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Obama administration halts development in roadless parts of federal forests
by Matthew Preusch, The Oregonian
The Obama administration on Thursday took its first substantive step into the fray of public lands logging, giving the head of the Agriculture Department sole say over road building and timber sales in millions of acres of federal forests.
The directive gives Agriculture Department Secretary Tom Vilsack authority on development in roadless areas for one year.
"This interim directive will provide consistency and clarity that will help protect our national forests until a long-term roadless policy reflecting President Obama's commitment is developed," said Vilsack, whose department oversees the U.S. Forest Service.
The Clinton administration protected more than 58 million acres of federal lands with its 2001 Roadless Area Conservation Rule. The Bush administration later, however, left those areas' fates up to each state.
Meanwhile, conservationists and logging interests won conflicting court rulings, and sign-waving protesters took to the woods to try to block timber sales.
Although welcome news among opponents of logging or mining in the nation's remaining undeveloped areas, the decision was not unexpected.
As a candidate, Obama supported protection for roadless areas, and in a March letter to Gov. Ted Kulongoski, who supports the roadless rule, Vilsack said his agency would "move forward to conserve and protect these lands."
Upholding the roadless rule "was one of Obama's major environmental promises during the campaign, and this is a down payment on it," said Steve Pedery, conservation director for the group Oregon Wild.
Although it covers vast areas of the nation's public domain, the decision will have little immediate impact in Oregon because few logging projects have been proposed in the state's roadless areas, which include about 1.9 million acres of generally rugged forested areas.
But it could affect a thinning project in the Umpqua National Forest near Diamond Lake that includes about 966 acres of inventoried roadless areas.
Debbie Anderson, forest environmental coordinator for the Umpqua forest, said her office "would have to coordinate with our Washington office before signing off" on the project.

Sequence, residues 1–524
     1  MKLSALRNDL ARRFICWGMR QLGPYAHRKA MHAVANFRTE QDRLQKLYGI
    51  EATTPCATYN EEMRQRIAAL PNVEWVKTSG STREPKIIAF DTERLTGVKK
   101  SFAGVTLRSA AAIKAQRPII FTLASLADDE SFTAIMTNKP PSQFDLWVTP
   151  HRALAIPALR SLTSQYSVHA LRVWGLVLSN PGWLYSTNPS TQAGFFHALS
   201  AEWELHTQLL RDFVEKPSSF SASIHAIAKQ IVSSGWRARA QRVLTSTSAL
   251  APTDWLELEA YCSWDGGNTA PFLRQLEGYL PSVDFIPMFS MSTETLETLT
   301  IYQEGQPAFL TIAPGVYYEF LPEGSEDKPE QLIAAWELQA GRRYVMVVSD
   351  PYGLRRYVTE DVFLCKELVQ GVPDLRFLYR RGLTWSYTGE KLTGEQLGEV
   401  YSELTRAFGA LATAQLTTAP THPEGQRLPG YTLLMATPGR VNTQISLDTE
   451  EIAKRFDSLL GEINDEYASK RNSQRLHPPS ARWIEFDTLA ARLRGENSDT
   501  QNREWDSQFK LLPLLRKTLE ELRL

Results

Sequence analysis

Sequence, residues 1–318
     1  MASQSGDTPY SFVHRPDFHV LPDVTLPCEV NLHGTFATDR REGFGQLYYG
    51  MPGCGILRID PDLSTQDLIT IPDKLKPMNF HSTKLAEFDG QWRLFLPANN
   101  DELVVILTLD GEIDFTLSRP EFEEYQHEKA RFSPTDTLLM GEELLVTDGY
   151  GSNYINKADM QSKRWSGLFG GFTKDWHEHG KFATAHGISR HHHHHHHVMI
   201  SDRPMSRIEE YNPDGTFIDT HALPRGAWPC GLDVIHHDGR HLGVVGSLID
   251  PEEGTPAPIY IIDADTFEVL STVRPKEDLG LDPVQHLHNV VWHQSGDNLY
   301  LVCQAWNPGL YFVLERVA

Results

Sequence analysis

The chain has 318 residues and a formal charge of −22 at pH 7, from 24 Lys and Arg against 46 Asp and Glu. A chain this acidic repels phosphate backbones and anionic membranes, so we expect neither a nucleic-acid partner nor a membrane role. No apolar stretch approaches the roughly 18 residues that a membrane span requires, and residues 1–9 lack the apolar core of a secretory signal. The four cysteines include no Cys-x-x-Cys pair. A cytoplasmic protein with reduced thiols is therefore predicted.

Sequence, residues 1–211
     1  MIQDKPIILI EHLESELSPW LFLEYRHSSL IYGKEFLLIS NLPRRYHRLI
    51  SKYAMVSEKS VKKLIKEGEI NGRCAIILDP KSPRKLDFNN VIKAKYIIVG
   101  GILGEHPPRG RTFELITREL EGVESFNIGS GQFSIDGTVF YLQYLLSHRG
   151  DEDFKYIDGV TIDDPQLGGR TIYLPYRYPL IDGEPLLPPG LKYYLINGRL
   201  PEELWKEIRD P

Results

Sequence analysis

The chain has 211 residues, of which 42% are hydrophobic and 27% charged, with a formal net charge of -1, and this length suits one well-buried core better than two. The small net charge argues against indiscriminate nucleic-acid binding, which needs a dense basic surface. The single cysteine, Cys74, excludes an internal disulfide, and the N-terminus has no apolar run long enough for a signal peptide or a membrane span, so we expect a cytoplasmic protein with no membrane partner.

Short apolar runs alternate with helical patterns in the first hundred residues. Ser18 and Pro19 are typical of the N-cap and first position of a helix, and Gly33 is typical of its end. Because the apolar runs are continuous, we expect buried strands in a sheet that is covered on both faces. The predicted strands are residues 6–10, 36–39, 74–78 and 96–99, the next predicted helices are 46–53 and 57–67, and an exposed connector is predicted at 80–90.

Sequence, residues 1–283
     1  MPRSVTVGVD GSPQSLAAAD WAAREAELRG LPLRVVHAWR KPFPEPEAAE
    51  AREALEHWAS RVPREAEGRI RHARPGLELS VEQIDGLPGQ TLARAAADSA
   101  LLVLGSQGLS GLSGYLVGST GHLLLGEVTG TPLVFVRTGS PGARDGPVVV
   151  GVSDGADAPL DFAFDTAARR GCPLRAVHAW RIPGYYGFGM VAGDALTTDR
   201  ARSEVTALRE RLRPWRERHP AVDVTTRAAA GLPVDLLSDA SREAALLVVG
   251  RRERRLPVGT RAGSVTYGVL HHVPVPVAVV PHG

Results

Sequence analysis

Anderson is among local and regional foresters now sorting out what the directive means for potential or planned logging projects in their forests.
"At the front end of logging season the secretary has basically said, 'We are not going to enter roadless areas unless I give the approval to do so.' And that's a strong signal to the agency," said Jim Lyons, Clinton's undersecretary of agriculture.
Most expect the Obama administration to use the time the directive buys to establish a national policy on roadless areas -- whether that means reinstating the Clinton rule or developing a new strategy.
During its tenure, the Bush administration replaced the rule with a process that required states to petition to have their roadless areas protected.
That is why Thursday's directive doesn't cover Idaho, which completed a management plan for about 9 million acres of roadless areas last year.
Tom Partin, president of the American Forest Resource Council, whose members include mill owners that rely on logs from public lands, said that sort of local decision-making should be the model for how roadless forests are managed in the future.
That is preferable to "having a policy coming down from Washington, D.C., a dictate rather, that says you will or will not manage these lands," said Partin, who applauded Vilsack's engagement on the issue.
And the directive does nothing to resolve the various, often contradictory court rulings that have confused the status of roadless areas.
Different circuit courts covering different parts of the West have upheld both the Bush and Clinton versions of the roadless rule, and federal attorneys continue to defend the Bush version despite the change of administration, said Trip Van Noppen, president of Earthjustice.
"Today's announcement doesn't change that," Van Noppen said.
The Obama administration said Thursday that the conflicting court rulings had made it difficult for the U.S. Forest Service to do its job and that the directive would give time for the cases to make their way through the courts.
-- Matthew Preusch; email@example.com